Subomi: (pronounced shu-bo-mee) she is fun-loving and always has great ideas.
Issraa: sweetest, quietest girl in my class. She came straight from Lebenon at the beginning of the year, and even though she struggles with the language, she's one of the hardest workers I have. Also, she loves to write poetry.
Tomi B: My sweet Tomi. She always starts the day with a hug and ends the day with a hug. Although she is Nigerian by blood, Tomi grew up in Italy and still struggles some with the language. Today, she was just voted as our class president!
Eli: (pronounced like Elly, short for Elizabeth) is half Nigerian and Half Japanese. She came last year to Nigeria to get to know her Nigerian roots and her dad's side of the family better. She is still learning English, but I know she'll learn it through the interaction with all of her friends.
Karen: sweet Karen. She's gentle and soft-spoken.
Favour: Favour is another sweet loving student. I know I've said that of all of them, but it's true, I have some pretty great kids!
Himanshu: is fun loving. He came from India several years ago and although he speaks well, he's still getting a handle onthe  English language.
Eni: (short for Enioluwafe) is the brain. He loves learning and is a joy to teach. He's new this year to the school and has been such a great fit.
Benji:(short for Benjamin) is South African who has been living in Nigeria for most of his life, however, he will be heading back to live in SA after Christmas. We'll be sad to see him go!
Tade:(short for Omitade) is best friends with Yoel. He might like to show his "tough guy" attitude, but he's also soft at heart.
Javeeth: is from India and has one of the most beautiful smiles that lights up a room(not sure why he's not smiling more in te picture). He is always kind and looks out for others
Yoel: is half Israeli and half Nigerian. Also another fun living student. As I said, he's best friends with Tade. Somehow the two of them are like magnets, no matter where I've placed their seats in the classroom, they always seem to gravitate towards each other.
Tomi A: Tomi is from Nigeria and an excellent student. I can always rely on Tomi to give an answer in class 

And that's my class!

Sunday, October 20, 2013

God of this City

This morning I went running. My least favorite part of my run is towards the end when I'm slowing down and I'm hot and sweaty. At this point I have to leave the nice quiet side road and go back to the crowded dust covered gravely road with the petrol fumes getting in my lungs as I try to breathe.

Anyway, the point is, it's usually not my favorite part of the run. This morning was a little different. Just as I was passing by all of the lizards sunning on the pavement, scampering into the overgrown grasses and ready to hit the major road again, a song by Chris Tomlin came on my iPod, "God of This City." I know I quoted him last week, but he really does have some great songs!

The song came on with perfect timing. I had a hazy(ahem...polluted) view of Ibadan this city I live in, and I was reminded again of God's faithfulness. He is the God of this city! Greater things have yet to come and greater things are still to be done in this city.

God of this City

You're the God of this City
You're the King of these people
You're the Lord of this nation
You are

You're the Light in this darkness
You're the Hope to the hopeless
You're the Peace to the restless
You are

There is no one like our God
There is no one like our God

For greater things have yet to come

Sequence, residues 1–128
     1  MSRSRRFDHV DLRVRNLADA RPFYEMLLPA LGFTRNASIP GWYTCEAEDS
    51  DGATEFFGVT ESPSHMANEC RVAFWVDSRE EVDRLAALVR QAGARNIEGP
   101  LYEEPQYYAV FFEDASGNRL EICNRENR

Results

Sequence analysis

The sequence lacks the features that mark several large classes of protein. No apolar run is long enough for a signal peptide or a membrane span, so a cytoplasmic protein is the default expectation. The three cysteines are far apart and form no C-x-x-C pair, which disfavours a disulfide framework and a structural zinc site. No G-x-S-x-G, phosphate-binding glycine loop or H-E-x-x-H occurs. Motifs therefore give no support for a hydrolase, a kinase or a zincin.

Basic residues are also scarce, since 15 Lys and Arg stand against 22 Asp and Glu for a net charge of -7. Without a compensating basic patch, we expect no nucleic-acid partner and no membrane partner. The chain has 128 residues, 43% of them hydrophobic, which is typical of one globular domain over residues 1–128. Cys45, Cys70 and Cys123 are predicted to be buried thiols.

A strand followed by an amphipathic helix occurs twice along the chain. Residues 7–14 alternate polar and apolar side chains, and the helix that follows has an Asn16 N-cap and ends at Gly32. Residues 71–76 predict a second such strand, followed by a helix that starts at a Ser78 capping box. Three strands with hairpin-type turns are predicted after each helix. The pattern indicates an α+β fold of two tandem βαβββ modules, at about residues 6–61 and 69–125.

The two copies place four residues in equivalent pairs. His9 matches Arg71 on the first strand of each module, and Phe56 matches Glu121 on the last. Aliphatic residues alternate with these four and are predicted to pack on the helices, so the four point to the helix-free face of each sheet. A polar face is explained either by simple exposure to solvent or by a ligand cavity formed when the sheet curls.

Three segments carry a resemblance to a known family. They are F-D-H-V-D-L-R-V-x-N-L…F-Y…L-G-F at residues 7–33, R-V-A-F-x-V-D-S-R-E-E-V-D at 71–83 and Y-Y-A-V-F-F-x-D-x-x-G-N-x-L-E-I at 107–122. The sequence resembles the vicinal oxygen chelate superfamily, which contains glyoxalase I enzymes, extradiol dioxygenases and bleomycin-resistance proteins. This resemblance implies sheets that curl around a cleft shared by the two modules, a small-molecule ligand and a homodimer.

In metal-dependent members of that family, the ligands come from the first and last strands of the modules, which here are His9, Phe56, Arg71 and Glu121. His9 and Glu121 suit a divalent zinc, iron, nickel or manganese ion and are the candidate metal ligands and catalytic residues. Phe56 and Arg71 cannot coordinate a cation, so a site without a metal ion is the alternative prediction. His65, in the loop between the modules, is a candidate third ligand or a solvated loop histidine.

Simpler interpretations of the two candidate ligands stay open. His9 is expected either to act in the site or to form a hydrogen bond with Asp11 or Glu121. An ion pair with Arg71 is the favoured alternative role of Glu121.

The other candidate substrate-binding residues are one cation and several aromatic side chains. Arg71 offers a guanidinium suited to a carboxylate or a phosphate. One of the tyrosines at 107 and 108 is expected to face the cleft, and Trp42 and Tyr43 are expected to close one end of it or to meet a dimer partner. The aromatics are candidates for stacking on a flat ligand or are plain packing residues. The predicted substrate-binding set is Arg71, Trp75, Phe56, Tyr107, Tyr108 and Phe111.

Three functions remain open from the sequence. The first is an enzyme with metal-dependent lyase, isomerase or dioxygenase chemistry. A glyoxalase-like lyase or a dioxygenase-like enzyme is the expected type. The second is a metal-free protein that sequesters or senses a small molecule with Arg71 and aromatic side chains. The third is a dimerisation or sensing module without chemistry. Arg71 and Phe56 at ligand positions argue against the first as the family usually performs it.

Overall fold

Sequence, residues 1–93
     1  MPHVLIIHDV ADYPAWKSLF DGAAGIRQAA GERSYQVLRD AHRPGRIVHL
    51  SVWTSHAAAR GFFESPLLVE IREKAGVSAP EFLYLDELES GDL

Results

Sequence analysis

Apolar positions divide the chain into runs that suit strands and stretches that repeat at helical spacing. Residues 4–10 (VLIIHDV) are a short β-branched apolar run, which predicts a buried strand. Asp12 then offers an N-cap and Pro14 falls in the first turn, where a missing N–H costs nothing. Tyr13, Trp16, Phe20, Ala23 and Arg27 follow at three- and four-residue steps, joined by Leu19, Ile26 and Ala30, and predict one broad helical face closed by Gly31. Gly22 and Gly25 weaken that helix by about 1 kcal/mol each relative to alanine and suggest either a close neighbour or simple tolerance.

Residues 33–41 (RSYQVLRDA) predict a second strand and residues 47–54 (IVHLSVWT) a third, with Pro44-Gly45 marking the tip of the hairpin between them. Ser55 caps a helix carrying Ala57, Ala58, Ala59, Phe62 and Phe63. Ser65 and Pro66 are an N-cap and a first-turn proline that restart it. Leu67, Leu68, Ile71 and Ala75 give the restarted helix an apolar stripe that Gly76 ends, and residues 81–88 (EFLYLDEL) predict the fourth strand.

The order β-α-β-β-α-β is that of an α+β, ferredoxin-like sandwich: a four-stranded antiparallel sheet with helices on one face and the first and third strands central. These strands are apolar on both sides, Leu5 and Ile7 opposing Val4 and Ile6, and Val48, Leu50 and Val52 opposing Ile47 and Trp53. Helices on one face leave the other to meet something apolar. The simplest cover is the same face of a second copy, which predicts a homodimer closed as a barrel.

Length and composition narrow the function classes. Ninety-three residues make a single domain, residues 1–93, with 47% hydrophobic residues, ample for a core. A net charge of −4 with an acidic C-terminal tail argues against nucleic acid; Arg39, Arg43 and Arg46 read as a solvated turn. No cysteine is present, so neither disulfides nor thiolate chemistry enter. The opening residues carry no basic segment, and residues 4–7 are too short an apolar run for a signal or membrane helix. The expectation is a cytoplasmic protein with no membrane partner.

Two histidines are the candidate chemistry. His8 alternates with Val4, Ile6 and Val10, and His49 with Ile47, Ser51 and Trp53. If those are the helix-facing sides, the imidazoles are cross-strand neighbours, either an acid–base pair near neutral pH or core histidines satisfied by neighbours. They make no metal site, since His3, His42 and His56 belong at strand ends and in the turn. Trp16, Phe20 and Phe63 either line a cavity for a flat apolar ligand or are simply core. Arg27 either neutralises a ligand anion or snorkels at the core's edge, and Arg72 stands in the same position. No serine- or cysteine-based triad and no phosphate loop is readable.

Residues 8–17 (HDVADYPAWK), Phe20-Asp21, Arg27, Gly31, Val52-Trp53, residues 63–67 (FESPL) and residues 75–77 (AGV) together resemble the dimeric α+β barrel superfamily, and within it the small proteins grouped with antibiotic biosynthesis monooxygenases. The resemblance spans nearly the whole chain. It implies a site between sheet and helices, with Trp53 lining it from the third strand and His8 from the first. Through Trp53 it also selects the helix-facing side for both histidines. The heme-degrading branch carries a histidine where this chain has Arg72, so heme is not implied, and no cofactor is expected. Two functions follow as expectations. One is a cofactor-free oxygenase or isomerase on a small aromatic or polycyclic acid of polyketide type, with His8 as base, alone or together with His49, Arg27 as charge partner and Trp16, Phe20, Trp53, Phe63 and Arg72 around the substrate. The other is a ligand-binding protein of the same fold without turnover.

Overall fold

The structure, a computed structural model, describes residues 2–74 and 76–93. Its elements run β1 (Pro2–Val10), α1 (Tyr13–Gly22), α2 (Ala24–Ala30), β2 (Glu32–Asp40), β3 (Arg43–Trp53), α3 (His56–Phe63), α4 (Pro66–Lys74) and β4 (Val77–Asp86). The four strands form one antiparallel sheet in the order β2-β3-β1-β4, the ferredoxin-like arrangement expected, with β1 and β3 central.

And greater things are still to be done in this city

-Chris Tomlin

Friday, October 18, 2013

Eid al Adha

In the mornings I have about 10 minutes with my 6 grade class to make any announcements, lead a short devotion with them and pray before the day gets started. Because I have such an eclectic group of students with Christian, Muslim, Jewish, and Hindu backgrounds, I thought I would teach the gospel story by going through the Bible. We started in the beginning and have just made it to Abraham. We've been looking at God's promise to Abraham of both a son in his old age and  also that he would be the father of many nations. 

Today we got to the passage in Genesis 22 where God tests Abraham's faithfulness in being willing to sacrifice his only son, Isaac. I tried to point out the parallels to the kids of the Son  who was sacrificed for us. God provided a ram that was the replacent sacrifice, but because if Abraham's faithfulness, he is blessed richly. God want our complete trust in Him, but it took the death of his only Son for that to work. 

I thought it was really interesting to note that several times in the passage, God tells Abraham to take his only son (Gen.22:2) this is reiterated again in verse 16 "your son, your only son.." Again there is the parallel to God and the sacrifice if His one and only son Jesus Christ, but what confused me was the fact that Abraham already had another son, Ishmael.

God's promise to Abreham of making him a mighty nation was not through Ishmael, but through the son of his promise, Isaac.  If you go back to Genesis 21:12, God says to Abraham, "through Isaac shall your offspring be named. "

This Bible lesson could not have been planned for better timing because this past week Muslims around the world  celebrated the holiday, Eid al Adha (aka Id el Kabir).  Islam claims Abraham as their forefather, but unlike the Christians and Jews, it is not through Isaac, but through Ishmael. This particular holiday celebrates God providing a ram right as Abraham is about to kill Ishmael. Talk about crazy and backwards. (Evidently the angel Gabriel told Muhammad to change some things in the ancient scripts)

Muslims throughout the world still make a yearly sacrifice in remembrance. On the one hand, I feel as if I've been privileged to have just a glimpse of what it would have been like in Jerusalem during Jesus's time as people came to bring their sacrifices of atonement. On the other hand, my heart has been so burdened by the thought that these people still live in bondage. It is a works based religion where they must make this yearly sacrifice, when the one, true sacrifice has already come once and for all! 

For the past several weeks the city has been overrun with male sheep and goats. All the throughout the city you would see herds of these animals on the side of the roads, while small tents have been pitched for the shepherds or people overseeing the animals. 

Being a country with a high Muslim population, on Tuesday and Wednesday, we had a national holiday which meant no work or school for most people. 

So we took advantage of the break and headed to the beach. On our way to Lagos on Tuesday, we got to drive past villages where half of the people were dressed up in there finest onkara and were headed to the local mosque. Later, as we were driving home, I could see barbecues set up with the goat meat roasting over the coals. 

Goat kebab anyone?